Virtual brokerage eXp hit with trademark suit on heels of NY launch
Startup luxury brokerage Carolwood sued for trademark infringement
High-end residential firm faces complaint from LA-based company with similar name
Soon after luxury residential brokerage Carolwood Estates officially debuted, the firm was sued for trademark infringement by another Los Angeles-based group named Carolwood Equities LLC, which also deals in real estate.
The trademark infringement suit of Carolwood Equities LLC, its sibling company Carolwood Capital Partners LLC vs. Carolwood Partners Inc. is making its way through U.S. District Court for the Central District of California, where a 13-page complaint was filed in December. In mid-April, a joint rule report for the case was filed. The document outlines schedules for upcoming hearings and a possible jury trial in 2024.
Plaintiff Carolwood Equities LLC, helmed by Andrew Shanfeld and Adam Rubin, says in the complaint that its business started in 2014 and has consistently used the name Carolwood. The firm’s attorneys at Novian & Novian claim that their clients’ use of the name Carolwood was prominently displayed in past advertisements and had been mentioned in news media stories.
Late last year, star broker Drew Fenton left the Hilton & Hyland agency in Beverly Hills to start his own agency. In November, Fenton, veteran brokerage executive Nick Segal and HIlton & Hyland alum Ed Leyson announced the name of their startup: Carolwood.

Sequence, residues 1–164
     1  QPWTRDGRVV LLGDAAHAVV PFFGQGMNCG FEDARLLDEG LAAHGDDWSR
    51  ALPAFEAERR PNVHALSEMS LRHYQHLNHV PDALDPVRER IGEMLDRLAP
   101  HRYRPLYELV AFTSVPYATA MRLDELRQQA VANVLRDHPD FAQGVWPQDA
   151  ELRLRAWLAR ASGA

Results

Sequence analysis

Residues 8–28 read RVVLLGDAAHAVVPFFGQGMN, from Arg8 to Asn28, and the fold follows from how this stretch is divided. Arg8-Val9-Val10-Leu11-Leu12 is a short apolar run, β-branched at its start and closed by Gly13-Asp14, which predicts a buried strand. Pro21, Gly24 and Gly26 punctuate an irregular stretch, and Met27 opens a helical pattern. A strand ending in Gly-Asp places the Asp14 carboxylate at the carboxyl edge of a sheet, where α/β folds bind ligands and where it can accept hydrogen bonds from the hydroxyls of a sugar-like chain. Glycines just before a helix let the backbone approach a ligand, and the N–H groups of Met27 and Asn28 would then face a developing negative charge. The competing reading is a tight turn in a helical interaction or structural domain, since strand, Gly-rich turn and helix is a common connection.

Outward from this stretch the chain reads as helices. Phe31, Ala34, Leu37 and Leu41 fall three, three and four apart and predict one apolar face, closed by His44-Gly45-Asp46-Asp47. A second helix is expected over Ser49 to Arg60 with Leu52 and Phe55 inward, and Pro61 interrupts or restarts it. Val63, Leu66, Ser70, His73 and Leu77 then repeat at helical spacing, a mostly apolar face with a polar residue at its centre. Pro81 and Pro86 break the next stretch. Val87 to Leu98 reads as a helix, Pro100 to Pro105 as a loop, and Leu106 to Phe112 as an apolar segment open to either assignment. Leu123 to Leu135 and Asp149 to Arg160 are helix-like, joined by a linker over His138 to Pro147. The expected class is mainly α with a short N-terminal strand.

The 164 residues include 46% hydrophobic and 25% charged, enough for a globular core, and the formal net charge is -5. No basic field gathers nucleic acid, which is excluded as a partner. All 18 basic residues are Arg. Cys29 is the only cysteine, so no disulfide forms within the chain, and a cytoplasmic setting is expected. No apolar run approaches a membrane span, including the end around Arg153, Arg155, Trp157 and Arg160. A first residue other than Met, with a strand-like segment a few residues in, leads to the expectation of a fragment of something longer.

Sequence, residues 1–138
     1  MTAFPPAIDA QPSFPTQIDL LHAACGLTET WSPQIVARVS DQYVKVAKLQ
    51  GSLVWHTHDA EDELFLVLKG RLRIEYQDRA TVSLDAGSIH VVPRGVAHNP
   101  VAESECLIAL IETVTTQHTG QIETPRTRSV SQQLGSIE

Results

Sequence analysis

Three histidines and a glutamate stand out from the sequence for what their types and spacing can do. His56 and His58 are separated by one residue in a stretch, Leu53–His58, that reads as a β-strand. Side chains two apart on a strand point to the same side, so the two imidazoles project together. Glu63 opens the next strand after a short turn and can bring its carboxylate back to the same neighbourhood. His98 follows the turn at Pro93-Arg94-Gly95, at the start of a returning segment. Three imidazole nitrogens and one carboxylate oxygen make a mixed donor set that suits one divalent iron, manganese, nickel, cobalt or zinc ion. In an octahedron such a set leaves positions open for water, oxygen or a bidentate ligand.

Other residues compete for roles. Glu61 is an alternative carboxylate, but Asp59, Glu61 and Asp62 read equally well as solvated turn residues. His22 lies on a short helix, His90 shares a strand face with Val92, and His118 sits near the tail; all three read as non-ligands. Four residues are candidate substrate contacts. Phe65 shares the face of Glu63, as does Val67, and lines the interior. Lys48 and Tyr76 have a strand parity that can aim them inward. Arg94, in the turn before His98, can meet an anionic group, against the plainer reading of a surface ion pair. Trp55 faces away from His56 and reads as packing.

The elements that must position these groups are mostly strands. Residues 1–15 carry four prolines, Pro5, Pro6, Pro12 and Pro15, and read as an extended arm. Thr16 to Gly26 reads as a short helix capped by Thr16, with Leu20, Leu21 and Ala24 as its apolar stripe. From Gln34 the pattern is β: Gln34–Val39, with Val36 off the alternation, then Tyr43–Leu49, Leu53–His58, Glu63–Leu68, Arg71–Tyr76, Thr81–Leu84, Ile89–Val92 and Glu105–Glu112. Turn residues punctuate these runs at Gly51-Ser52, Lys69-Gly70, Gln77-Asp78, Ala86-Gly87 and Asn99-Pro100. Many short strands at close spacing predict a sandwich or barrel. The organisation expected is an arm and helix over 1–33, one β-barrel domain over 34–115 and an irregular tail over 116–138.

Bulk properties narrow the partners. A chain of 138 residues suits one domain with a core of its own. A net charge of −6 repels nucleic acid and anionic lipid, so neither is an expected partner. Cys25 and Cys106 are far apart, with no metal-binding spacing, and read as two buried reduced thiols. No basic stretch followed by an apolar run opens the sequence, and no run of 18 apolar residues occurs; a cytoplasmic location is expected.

After the new Beverly Hills-based Carolwood made social media posts announcing the company name, some viewers made posts asking if it was Shanfeld’s and Rubin’s company, according to the complaint.
“At this point, it was obvious that marketplace participants in the real estate investment markets, even very savvy ones, could not tell the genuine services offered by plaintiffs,” the complaint alleges.
In a statement summarized in the joint rule filing, the defendant’s lawyers at the law firm Buchalter said the plaintiffs got it wrong. Fenton’s Carolwood offers different services, and its clients are more sophisticated, so there is no likelihood of confusion between the two companies.
According to its website, Shanfeld’s and Rubin’s company deals in private equity and real estate investments.
Doug Lipstone, a trademark attorney with the Los Angeles office of Weinberg Gonser Frost, said trademark infringement suits involving real estate companies are not uncommon. Lipstone is not involved in the Carolwood case.
“Trademark users have to accept more risk than they used to,” Lipstone said. “The internet made the world a smaller place, and trademark holders are much more apt to encounter companies, even relatively small ones, using similar names on the internet.”
If a company is ordered by a court to stop using its name, changing a business name can turn into an expensive proposition. “Changing a name can cost a lot of money as many things have to be changed, including marketing materials, signage and internet domain names,” Lipstone said.
The court has set a May 26 scheduling conference for the Carolwood case. In the complaint, the plaintiffs demand that defendants stop using the Carolwood name. They also request compensatory and punitive damages, as well as attorney fees.